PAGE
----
trust


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Related to trust: living trust, trust fund, trust account, trust relationship

Trust

A fiduciary relationship calling for a trustee to hold the title to assets for the benefit of the beneficiary. The person creating the trust, who may or may not also be the beneficiary, is called the grantor.

Trust

1. A relationship in which one party, known as the trustor, gives to a person or organization, known as the trustee, the right to hold and invest assets or property on behalf of a third party, known as the beneficiary. Most trusts exist to provide for the financial future of a minor child or mentally incompetent person. Trusts may also be set up to benefit charitable organizations. The trust agreement indicates at what time, if any, the beneficiary takes direct control of the assets. The beneficiary often receives disbursements to meet basic expenses until the time comes when the beneficiary takes control. Trusts are taxed on all money not given to the beneficiary. See also: Escrow, Charitable trust.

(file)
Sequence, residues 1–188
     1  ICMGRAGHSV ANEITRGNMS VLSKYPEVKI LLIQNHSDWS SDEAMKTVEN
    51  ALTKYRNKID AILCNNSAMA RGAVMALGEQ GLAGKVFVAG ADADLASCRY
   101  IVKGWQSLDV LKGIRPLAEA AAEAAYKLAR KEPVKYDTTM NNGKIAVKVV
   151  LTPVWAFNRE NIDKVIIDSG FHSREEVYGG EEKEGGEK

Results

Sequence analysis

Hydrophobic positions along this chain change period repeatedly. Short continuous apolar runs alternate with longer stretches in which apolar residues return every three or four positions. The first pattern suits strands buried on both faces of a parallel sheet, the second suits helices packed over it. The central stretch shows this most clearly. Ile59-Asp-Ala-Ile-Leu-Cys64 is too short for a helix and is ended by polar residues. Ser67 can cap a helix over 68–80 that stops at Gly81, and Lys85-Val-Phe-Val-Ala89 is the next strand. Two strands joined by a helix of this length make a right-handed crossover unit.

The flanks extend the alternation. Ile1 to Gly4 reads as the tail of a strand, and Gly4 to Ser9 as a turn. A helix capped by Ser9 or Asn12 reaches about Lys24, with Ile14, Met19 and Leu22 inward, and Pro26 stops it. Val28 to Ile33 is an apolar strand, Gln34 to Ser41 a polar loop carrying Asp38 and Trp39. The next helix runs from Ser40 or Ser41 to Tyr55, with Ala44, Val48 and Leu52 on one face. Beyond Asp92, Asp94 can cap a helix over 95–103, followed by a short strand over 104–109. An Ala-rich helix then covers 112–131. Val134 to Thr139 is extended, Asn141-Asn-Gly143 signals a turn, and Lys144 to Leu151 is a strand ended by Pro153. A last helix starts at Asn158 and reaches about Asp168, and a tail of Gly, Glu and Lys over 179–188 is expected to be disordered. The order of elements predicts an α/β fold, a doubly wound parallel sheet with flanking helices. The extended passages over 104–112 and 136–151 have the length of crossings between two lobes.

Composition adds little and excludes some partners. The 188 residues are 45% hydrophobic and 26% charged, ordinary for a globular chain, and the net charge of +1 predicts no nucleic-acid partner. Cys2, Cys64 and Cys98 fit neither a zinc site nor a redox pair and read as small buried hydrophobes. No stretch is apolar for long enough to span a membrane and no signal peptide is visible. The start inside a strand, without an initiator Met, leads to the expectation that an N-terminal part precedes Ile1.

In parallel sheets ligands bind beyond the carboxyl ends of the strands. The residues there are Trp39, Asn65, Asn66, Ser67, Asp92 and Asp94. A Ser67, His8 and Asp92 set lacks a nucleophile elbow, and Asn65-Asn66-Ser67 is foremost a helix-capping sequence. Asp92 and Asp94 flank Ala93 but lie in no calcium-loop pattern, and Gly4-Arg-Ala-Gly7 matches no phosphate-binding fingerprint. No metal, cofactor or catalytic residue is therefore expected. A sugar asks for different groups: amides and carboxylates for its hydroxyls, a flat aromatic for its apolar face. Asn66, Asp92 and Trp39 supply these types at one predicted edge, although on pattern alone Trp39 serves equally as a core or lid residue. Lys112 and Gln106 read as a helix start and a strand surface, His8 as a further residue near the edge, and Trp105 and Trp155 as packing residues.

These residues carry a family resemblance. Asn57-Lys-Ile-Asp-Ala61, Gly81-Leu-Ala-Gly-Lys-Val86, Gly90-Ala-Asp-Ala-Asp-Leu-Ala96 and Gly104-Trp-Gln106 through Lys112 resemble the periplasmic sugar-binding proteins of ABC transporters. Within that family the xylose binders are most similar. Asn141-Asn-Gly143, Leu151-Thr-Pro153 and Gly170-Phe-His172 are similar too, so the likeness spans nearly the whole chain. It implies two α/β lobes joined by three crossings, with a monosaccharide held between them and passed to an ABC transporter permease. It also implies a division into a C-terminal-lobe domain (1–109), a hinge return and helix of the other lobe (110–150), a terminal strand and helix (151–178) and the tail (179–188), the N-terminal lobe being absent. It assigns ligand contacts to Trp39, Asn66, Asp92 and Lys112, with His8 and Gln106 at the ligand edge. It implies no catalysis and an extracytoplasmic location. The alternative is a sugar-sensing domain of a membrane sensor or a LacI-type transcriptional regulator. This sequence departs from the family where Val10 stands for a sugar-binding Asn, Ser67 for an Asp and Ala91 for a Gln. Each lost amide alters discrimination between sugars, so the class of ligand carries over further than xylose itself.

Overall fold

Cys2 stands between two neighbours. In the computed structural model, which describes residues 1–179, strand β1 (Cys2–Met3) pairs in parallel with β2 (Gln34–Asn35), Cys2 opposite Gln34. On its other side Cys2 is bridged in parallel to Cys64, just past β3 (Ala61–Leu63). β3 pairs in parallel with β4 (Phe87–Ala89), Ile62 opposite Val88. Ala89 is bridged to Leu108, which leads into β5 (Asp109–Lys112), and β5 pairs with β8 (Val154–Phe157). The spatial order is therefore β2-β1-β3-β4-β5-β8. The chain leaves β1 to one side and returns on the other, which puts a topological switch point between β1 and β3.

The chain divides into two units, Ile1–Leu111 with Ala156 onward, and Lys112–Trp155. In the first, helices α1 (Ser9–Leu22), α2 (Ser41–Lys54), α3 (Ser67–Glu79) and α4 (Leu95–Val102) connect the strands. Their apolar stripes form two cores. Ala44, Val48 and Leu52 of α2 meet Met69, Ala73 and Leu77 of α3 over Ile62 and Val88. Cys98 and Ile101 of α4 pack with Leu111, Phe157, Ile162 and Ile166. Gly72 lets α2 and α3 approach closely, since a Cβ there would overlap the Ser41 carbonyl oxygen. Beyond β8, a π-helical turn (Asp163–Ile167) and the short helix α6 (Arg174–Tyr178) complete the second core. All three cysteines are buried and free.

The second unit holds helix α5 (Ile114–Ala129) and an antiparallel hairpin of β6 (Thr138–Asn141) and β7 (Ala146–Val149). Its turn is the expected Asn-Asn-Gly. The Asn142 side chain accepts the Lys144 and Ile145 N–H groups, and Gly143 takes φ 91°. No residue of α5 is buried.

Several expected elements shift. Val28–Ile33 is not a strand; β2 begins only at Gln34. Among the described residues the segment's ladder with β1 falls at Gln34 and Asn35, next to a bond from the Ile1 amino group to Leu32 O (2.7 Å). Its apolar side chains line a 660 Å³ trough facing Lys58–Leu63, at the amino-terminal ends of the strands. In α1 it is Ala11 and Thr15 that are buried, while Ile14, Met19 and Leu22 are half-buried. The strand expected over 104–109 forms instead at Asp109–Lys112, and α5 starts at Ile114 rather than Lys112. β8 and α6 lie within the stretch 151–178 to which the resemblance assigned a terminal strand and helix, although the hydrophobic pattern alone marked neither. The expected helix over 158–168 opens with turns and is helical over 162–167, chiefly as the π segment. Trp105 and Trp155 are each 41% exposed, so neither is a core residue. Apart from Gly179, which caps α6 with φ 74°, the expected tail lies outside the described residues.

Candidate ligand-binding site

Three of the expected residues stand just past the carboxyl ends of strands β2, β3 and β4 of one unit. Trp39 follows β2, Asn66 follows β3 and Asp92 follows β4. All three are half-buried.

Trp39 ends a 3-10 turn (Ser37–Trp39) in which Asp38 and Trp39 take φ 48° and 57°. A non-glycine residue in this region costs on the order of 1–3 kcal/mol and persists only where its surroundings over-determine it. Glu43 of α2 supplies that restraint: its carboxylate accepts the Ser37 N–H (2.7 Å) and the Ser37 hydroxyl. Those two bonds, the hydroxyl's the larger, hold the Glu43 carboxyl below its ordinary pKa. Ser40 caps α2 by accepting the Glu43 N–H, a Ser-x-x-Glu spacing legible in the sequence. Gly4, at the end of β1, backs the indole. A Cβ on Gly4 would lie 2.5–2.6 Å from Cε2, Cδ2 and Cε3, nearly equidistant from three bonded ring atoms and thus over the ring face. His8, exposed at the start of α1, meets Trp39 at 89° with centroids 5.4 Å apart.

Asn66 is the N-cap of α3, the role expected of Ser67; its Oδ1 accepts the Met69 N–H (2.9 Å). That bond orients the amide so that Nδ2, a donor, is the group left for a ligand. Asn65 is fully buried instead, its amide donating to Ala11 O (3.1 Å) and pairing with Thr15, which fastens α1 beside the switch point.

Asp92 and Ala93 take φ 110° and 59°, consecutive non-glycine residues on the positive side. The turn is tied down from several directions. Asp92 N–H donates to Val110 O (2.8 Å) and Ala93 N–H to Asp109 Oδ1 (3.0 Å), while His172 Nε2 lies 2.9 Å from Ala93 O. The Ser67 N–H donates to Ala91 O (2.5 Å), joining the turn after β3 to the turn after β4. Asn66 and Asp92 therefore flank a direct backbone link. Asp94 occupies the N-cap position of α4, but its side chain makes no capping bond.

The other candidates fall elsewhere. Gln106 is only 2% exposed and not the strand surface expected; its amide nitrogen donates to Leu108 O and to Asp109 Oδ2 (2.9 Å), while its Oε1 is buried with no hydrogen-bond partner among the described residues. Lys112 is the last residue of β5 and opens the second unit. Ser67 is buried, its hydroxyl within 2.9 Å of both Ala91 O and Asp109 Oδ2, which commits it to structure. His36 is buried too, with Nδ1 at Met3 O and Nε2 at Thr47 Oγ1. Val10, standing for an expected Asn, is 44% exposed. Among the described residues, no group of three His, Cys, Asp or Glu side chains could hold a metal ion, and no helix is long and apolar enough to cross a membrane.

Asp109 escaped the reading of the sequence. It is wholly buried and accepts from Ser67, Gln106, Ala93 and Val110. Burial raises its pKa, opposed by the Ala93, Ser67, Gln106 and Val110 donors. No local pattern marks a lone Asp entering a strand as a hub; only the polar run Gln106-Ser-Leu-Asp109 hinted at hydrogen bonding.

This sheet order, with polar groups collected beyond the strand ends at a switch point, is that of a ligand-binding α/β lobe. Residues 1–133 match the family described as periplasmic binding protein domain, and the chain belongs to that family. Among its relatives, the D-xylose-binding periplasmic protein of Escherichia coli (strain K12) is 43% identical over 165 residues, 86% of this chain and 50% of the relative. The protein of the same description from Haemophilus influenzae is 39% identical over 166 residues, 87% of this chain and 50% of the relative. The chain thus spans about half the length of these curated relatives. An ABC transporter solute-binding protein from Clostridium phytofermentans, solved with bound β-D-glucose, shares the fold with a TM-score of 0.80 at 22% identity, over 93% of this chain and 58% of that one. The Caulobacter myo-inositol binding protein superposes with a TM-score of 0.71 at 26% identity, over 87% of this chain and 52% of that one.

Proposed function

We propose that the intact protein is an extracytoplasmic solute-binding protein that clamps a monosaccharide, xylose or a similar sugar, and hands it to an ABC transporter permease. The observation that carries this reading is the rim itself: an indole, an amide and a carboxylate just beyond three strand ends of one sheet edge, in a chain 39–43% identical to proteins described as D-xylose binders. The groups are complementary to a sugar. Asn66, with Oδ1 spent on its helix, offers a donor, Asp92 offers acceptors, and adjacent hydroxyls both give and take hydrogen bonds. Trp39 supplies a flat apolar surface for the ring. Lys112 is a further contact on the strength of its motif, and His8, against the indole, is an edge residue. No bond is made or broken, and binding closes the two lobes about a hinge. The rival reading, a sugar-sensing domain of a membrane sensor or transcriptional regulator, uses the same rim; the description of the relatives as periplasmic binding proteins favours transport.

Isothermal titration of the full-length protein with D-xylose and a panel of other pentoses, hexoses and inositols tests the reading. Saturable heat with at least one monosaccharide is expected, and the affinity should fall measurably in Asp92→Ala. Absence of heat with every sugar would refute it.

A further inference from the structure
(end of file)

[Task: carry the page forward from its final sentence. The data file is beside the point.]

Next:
2. See: Monopoly.

trust

A legal arrangement whereby control over property is transferred to a person or organization (the trustee) for the benefit of someone else (the beneficiary). Trusts are created for a variety of reasons, including tax savings and improved asset management. See also charitable lead trust, charitable remainder trust, Clifford trust, marital-deduction trust, QTIP trust.

Trust.

When you create a trust, you transfer money or other assets to the trust.

You give up ownership of those assets in order to accomplish a specific financial goal or goals, such as protecting assets from estate taxes, simplifying the transfer of property, or making provision for a minor or other dependents.

When you establish the trust, you are the grantor, and the people or institutions you name to receive the trust assets at some point in the future are known as beneficiaries. You also designate a trustee or trustees, whose job is to manage the assets in the trust and distribute them according to the instructions you provide in the trust document.